Horizon DataSys’ patented sector-mapping algorithm and incremental sector-redirection used by its software is much quicker for backup and restore operations than traditional backup and disk imaging applications. This technology is exclusively used in RollBack Rx, Drive Vaccine, RollBack Rx Multipoint Server, and RollBack Rx Server to capture and manage these softwares’ snapshots. This document only makes reference to RollBack Rx but could apply equally well, for the most part, to these other software too.
What is Sector-Mapping?
In the storage scheme on your harddisk the memory caches are divided into discrete blocks. A sector consists of segments of these consecutive blocks. Horizon DataSys’ proprietary sector-mapping technology performs read and write operations that address specific sectors. Windows, on the other hand, operates at a sector cluster level, which consists of multiple disk sectors. Since RollBack Rx works at the sector level of the harddrive it’s much more efficient in finding specific sectors. This greatly reduces RollBack Rx’s average memory access times.
Some Nitty-Gritty on Sector Mapping & Snapshot Management
When a snapshot is taken, RollBack Rx freezes the primary hard disk’s sectors to their captured sector map (or “snapshot”). RollBack Rx’s core sector management algorithm is based on incremental sector redirection. If Windows attempts to update a particular sector, RollBack Rx grabs the write instruction and redirects it into unprotected sectors to maintain the integrity of the stored snapshots. If Windows attempts to delete a snapshot sector, Rollback Rx intercepts this delete request. Additional snapshots incrementally capture only those sectors that have not been written since the last snapshot. The snapshots form a tree structure, each snapshot being based on some previous one. Snapshots incrementally backup changes from existing snapshots and this allows for much faster snapshot capture times. This enables RollBack Rx to quickly capture only incremental changes that have occurred since a prior snapshot. If a snapshot is deleted on which another subsequent snapshot is based, the updated size of this later snapshot will be greater because it will salvage unsaved sectors from the deleted snapshot.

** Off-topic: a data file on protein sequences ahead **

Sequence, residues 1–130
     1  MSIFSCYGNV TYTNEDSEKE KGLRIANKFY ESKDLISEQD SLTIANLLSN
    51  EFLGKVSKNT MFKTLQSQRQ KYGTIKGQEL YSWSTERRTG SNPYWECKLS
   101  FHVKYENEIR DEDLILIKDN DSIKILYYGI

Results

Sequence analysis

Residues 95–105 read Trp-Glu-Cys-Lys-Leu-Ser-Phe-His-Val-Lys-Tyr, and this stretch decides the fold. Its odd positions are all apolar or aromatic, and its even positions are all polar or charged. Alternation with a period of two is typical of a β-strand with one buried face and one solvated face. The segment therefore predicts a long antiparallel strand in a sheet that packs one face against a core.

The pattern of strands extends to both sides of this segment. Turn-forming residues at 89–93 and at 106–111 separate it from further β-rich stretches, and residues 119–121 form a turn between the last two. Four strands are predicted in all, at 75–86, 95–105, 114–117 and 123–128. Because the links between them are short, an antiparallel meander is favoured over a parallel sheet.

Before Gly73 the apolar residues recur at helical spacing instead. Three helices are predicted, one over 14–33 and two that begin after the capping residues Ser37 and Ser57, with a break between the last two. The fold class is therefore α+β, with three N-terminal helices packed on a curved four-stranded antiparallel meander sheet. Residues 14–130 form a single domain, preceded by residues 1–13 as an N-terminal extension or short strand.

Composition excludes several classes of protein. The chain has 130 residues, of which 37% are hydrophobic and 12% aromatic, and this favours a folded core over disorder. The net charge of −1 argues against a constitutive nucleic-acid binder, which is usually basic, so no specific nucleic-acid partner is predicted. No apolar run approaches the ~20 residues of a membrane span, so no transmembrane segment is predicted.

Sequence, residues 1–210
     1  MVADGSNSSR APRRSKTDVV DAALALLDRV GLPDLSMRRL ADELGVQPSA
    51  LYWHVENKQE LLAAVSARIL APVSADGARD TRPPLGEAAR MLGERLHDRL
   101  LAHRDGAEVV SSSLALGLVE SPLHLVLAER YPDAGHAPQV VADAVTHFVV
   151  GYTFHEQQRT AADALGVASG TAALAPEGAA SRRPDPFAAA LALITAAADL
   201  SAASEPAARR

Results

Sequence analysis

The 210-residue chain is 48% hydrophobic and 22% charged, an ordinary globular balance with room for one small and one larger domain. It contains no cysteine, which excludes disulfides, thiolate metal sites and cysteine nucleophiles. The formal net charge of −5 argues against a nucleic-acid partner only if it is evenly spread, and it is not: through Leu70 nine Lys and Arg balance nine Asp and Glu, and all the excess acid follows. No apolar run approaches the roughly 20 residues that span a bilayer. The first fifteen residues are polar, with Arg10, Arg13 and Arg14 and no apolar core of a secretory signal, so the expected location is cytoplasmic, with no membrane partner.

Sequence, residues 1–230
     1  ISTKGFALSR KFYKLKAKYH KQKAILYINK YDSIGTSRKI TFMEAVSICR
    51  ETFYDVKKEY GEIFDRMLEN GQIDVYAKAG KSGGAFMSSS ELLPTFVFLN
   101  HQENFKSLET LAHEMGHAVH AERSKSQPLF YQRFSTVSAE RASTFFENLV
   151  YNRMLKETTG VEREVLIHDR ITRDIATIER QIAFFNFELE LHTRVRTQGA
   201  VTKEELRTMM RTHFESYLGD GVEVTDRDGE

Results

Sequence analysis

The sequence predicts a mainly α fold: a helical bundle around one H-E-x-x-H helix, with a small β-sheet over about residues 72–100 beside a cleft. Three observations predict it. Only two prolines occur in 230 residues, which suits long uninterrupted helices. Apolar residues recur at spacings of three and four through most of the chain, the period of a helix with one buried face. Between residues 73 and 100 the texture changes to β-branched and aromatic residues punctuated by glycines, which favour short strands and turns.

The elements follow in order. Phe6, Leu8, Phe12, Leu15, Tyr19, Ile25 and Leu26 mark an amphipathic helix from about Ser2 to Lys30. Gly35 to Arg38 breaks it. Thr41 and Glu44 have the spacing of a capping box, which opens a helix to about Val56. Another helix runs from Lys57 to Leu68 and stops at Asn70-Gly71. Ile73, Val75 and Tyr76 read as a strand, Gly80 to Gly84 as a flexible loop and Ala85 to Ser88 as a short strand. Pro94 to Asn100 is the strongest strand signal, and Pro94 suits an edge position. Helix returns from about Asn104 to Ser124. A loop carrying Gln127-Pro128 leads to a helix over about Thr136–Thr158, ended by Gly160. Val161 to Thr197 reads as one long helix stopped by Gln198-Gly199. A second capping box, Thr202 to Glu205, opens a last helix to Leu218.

RollBack Rx doesn’t recreate files or folders into a temporary drive space. This allows RollBack Rx to use much fewer system resources in terms to processing cycles and storage capacity. A snapshot is a bit-for-bit map of all the used hard disk sectors. It’s a record of how the PC’s hard drive is configured at the time a snapshot is taken. The snapshot includes all files including system, data, programs, settings, registry entries, wallpaper, icons, et cetera. The user can select to revert to an earlier snapshot from within Windows, which requires a reboot or logoff to take effect.
The RollBack Rx snapshots can be taken manually, on a fixed schedule, or when a particular file is executed. The installation snapshot (or baseline snapshot) is usually larger than the other snapshots since it’s a complete sector map. Each subsequent snapshot takes up roughly 0.07% of the available storage capacity (but this depends on the incremental changes made since the previous snapshot) and that as many as 60,000 snapshots can theoretically be inventoried.
RollBack Rx’s snapshots are encrypted with government-grade 256-bit AES encryption. If the primary drive on which RollBack Rx is installed is used as a slave drive on an alternative PC to the one on which it was originally installed, only the first (or “baseline”) snapshot will be visible.
More details on sector mapping and its relationship to Disk Defraggers and SSD TRIM tools:
There was a great forum article on the relationship of RollBack Rx’s Sector Mapping technology and its impact on Disk Defragmentation tools as well as SSD utilities such as TRIM. You can read more details at http://community.horizondatasys.com/forum/rollback-rx/997-rollback-rx-ssd-trim-and-disk-defraggers-support